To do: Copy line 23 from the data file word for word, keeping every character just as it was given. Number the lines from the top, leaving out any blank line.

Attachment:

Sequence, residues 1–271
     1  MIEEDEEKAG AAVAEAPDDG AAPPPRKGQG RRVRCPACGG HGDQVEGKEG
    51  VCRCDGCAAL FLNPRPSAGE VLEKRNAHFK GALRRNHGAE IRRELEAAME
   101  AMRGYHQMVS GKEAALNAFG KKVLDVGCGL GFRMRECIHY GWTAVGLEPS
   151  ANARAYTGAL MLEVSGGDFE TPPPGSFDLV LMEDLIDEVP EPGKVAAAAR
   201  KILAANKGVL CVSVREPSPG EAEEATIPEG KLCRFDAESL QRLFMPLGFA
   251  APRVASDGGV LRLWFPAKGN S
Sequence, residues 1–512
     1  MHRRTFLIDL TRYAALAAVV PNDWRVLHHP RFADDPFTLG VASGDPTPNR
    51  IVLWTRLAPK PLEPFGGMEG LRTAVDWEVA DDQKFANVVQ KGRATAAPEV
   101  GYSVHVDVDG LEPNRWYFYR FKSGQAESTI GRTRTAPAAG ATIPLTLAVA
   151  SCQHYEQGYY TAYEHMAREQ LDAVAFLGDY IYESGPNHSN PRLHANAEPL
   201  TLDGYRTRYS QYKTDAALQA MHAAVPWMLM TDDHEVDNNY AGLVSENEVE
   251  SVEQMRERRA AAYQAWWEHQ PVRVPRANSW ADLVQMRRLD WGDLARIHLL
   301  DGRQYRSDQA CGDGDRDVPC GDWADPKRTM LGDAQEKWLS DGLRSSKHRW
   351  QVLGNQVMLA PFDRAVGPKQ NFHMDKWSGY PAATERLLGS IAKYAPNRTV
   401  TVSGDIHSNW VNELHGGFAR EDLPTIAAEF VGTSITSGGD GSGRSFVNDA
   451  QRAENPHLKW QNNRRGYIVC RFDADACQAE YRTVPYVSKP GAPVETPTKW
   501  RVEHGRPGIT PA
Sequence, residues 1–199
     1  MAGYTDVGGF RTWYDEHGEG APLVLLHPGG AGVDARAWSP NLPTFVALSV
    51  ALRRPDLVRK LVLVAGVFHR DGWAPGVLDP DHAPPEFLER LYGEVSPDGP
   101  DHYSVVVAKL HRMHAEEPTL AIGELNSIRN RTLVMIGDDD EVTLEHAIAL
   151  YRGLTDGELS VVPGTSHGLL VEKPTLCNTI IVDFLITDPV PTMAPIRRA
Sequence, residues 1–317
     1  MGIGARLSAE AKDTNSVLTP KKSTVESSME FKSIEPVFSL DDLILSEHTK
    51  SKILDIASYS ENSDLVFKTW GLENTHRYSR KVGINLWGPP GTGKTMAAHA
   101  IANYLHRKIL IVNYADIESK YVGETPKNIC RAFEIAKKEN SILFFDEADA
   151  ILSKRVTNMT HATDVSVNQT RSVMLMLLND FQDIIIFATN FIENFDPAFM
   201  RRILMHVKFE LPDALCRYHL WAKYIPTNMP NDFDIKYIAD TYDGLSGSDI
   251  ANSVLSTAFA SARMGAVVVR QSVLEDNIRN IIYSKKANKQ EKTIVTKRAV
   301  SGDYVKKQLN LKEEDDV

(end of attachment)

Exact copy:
   101  DHYSVVVAKL HRMHAEEPTL AIGELNSIRN RTLVMIGDDD EVTLEHAIAL